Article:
Server Load Average Test

In UNIX computing, the system load is a measure of the amount of work that a computer system performs. The load average represents the average system load over a period of time. This test reports the average load of Unix systems by reporting three metrics, which represent the system load during the last one-, five-, and fifteen-minute periods.

Note:

This test executes only on Unix systems.

Target of the test : Any Unix host system

Agent deploying the test : An internal agent

Outputs of the test : One set of results for each host monitored

Configurable parameters for the test
  1. Test period - How often should the test be executed
  2. Host - The host for which the test is to be configured.
  3. port - Refers to the port used by the specified host. By default, it is NULL.
Measurements made by the test
Measurement Description Measurement Unit Interpretation

Average load in the last 1 min:

Indicates the average number of processes waiting in the run-queue over the past 1 minute.

Number

For an idle computer, the value of these measures will be 0. Each process using or waiting for CPU (the ready queue or run queue) will increment these values by 1.

Most UNIX systems count only processes in the running (on CPU) or runnable (waiting for CPU) states. However, Linux also includes processes in uninterruptible sleep states (usually waiting for disk activity), which can lead to markedly different results if many processes remain blocked in I/O due to a busy or stalled I/O system. This, for example, includes processes blocking due to an NFS server failure or to slow media (e.g., USB 1.x storage devices). Such circumstances can result in significantly increasing the value of this measure, which may not reflect an actual increase in CPU use, but will still give an idea on how long users have to wait.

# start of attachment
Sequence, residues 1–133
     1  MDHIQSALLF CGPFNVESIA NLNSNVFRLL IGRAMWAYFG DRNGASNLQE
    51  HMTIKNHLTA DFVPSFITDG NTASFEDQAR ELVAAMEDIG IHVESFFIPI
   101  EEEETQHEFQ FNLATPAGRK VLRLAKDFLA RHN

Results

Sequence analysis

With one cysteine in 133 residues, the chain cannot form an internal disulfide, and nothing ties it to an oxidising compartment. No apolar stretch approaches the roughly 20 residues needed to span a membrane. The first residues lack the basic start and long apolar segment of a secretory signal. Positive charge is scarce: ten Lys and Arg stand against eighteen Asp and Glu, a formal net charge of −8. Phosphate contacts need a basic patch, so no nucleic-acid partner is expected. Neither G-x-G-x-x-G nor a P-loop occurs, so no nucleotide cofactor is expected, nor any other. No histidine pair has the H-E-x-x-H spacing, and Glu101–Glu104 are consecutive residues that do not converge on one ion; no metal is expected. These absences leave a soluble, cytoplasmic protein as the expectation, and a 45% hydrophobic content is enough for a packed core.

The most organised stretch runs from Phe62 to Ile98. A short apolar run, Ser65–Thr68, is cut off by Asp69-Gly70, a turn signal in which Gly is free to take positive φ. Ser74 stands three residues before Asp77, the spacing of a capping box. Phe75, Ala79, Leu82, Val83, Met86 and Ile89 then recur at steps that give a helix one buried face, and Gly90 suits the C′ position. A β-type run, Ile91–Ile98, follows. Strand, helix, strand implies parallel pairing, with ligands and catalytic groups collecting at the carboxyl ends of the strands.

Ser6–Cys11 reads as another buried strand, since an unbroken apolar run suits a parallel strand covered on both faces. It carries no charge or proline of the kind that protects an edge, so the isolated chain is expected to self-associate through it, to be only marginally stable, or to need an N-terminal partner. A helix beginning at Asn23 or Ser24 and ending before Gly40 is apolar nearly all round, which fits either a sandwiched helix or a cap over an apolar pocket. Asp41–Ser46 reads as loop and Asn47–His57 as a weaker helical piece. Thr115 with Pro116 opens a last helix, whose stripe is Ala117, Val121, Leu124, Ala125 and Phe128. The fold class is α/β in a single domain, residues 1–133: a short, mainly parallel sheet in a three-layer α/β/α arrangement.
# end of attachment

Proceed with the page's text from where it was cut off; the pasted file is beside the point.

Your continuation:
For single-CPU systems that are CPU-bound, one can think of load average as a percentage of system utilization during the respective time period. For systems with multiple CPUs, one must divide the number by the number of processors in order to get a comparable percentage.

For example, if these measures report the values 1.73, 0.50, and 7.98, respectively, on a single-CPU system, these values can be interpreted as follows:

  • during the last minute, the CPU was overloaded by 73% (1 CPU with 1.73 runnable processes, so that 0.73 processes had to wait for a turn)
  • during the last 5 minutes, the CPU was underloaded 50% (no processes had to wait for a turn)
  • during the last 15 minutes, the CPU was overloaded 698% (1 CPU with 7.98 runnable processes, so that 6.98 processes had to wait for a turn)

This means that this CPU could have handled all of the work scheduled for the last minute if it were 1.73 times as fast, or if there were two (the ceiling of 1.73) times as many CPUs, but that over the last five minutes it was twice as fast as necessary to prevent runnable processes from waiting their turn. In a system with four CPUs, a load average of 3.73 would indicate that there were, on average, 3.73 processes ready to run, and each one could be scheduled into a CPU.

Average load in the last 5 mins:

Indicates the average number of processes waiting in the run-queue over the past 5 minutes.

Number

Average load in the last 15 mins:

Indicates the average number of processes waiting in the run-queue over the past 15 minutes.

Number